· Left of the Dvc heading you see ID. This field is made up of both the Device ID and the Message ID. It is this overall ID that is our real CAN message ID (CAN Bus standard). So if you are using a CAN analyzer of some form and are looking for packets you will need to look for this ID not the Dvc or Msg values.
· Left of the ID field is the Time field. For fun, click on the heading of this Time column. Each time you click on the heading it will show the times in the next form. Currently it toggles between relative time and absolute time. Absolute is time-of-day while relative is the amount of time between the packet and the packet above it in this log.
· Finally, let’s look at the payload field. This all the way to the right. For our AMSAT CAN traffic this will be 0, 2 or eight bytes long. When it is eight, as in our query response you will see a slight gap (space) between the first four bytes and the last four. This allows for easier byte counting.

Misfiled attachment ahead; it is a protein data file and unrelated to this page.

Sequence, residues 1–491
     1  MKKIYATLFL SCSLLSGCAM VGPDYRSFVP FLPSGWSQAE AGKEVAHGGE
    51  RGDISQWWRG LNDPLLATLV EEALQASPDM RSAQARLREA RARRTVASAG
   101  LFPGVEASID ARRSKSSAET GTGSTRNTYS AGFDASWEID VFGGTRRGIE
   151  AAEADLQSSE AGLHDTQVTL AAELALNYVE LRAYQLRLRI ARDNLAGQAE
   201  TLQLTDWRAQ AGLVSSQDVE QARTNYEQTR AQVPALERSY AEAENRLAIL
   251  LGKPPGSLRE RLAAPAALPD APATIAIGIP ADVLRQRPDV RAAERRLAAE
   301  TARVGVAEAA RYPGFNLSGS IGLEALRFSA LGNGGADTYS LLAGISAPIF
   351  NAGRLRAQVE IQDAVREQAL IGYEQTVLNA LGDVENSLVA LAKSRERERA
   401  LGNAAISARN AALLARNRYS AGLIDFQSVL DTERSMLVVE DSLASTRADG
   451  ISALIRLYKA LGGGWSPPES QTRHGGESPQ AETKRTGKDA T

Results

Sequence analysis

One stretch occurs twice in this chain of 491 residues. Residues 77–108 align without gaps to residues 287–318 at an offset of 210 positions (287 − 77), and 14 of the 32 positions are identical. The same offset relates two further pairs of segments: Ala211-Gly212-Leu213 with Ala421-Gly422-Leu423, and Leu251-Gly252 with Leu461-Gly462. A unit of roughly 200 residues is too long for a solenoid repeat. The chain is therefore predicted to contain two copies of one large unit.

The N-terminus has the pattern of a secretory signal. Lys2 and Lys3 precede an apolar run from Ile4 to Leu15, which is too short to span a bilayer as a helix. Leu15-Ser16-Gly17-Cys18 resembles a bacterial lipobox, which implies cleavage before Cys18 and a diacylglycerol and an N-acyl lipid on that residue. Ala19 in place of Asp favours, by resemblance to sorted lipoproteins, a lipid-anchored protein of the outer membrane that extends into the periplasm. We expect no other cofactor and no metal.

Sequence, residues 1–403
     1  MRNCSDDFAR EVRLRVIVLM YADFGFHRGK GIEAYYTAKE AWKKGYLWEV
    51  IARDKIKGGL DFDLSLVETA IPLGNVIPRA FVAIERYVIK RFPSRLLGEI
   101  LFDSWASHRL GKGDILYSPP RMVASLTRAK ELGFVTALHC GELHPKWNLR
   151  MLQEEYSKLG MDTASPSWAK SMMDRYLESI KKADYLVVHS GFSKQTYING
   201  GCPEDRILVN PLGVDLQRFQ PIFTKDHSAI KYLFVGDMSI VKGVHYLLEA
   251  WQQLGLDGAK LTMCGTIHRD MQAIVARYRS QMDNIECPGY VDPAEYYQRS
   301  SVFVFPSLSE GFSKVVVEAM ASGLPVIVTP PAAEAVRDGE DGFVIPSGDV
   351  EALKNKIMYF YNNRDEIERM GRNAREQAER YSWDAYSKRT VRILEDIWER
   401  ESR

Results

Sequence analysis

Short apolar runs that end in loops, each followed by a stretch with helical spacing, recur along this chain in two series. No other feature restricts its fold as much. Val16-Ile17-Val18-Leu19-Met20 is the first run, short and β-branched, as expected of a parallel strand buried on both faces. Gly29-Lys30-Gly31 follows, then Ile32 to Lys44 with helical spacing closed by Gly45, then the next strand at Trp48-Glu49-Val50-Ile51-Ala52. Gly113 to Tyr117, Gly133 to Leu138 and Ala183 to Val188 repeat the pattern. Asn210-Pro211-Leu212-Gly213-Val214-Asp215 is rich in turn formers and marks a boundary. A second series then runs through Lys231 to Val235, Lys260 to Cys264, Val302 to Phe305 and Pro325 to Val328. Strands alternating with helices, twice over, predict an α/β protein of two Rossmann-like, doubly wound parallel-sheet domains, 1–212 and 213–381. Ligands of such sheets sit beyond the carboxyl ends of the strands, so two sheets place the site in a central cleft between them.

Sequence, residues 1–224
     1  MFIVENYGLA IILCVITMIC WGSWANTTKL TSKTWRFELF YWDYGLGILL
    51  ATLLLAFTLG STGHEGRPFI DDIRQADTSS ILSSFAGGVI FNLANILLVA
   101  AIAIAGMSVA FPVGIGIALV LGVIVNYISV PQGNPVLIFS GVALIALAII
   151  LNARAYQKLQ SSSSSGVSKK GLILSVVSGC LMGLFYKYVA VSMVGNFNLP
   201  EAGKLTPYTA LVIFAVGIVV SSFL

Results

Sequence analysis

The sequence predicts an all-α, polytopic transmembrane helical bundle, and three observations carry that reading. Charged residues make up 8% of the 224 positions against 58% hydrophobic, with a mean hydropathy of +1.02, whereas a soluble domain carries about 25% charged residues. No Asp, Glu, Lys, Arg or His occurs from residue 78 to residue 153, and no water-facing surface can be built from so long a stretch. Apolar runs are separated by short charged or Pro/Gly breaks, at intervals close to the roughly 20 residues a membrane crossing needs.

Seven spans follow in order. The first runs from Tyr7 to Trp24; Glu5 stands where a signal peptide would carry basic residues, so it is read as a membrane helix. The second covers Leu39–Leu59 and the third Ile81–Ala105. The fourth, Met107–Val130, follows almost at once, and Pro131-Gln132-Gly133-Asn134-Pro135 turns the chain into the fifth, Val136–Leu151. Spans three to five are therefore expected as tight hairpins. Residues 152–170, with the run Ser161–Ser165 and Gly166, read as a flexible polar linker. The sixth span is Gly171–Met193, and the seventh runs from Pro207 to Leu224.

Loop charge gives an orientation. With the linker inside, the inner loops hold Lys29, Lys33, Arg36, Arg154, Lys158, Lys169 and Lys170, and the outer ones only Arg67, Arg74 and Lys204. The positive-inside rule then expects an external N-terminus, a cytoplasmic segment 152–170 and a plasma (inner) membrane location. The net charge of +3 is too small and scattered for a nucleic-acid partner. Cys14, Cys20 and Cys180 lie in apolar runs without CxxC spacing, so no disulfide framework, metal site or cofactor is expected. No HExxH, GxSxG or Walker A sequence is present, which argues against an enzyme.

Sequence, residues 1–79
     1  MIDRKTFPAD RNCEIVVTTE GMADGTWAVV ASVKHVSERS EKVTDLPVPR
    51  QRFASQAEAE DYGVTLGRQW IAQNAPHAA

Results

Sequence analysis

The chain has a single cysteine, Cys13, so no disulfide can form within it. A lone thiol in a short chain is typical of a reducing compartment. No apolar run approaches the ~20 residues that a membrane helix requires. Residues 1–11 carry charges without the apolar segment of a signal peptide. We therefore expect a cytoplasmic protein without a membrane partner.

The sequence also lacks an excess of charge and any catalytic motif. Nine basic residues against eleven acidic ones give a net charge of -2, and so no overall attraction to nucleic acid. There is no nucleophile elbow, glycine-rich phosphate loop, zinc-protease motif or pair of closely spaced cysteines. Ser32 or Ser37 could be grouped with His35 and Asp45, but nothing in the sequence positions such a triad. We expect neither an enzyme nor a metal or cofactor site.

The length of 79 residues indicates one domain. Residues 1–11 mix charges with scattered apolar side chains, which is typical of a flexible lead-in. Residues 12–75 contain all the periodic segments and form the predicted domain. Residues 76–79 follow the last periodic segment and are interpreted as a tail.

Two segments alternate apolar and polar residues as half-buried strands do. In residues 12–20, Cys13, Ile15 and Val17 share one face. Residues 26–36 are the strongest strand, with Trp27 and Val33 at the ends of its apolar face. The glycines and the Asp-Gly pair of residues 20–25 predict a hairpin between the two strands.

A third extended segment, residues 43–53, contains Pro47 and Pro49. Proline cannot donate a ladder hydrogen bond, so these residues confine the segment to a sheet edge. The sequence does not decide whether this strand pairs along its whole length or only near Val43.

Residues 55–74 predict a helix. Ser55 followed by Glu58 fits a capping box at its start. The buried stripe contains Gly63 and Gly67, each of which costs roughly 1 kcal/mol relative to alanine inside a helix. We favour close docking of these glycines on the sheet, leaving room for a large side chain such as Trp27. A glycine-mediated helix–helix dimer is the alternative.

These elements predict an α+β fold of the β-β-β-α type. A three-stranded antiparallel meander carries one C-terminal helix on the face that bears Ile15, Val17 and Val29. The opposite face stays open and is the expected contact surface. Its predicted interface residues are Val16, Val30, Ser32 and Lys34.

All of these message IDs, payload-byte bit meanings etc. can be found in the Widget User’s guide. They are also called out in great detail in the firmware source code.
The waterfall log behaves similarly but you have seen it already in the previous tour. So, let’s move on to interacting with our Widget.
[ Press the Widget [Show] button to continue the tour ]
Widget: Control/Status Sub-tab
· You’ll see that a new tab has been created for your Widget and the interface has now changed to be five sub-tabs under the Widget tab. The first tab [Control] is currently selected and we now see the control/status page for this Widget. During the Offline Mode tour you saw what all these indicator were. Not let’s look at the two control styles offered by CDNC.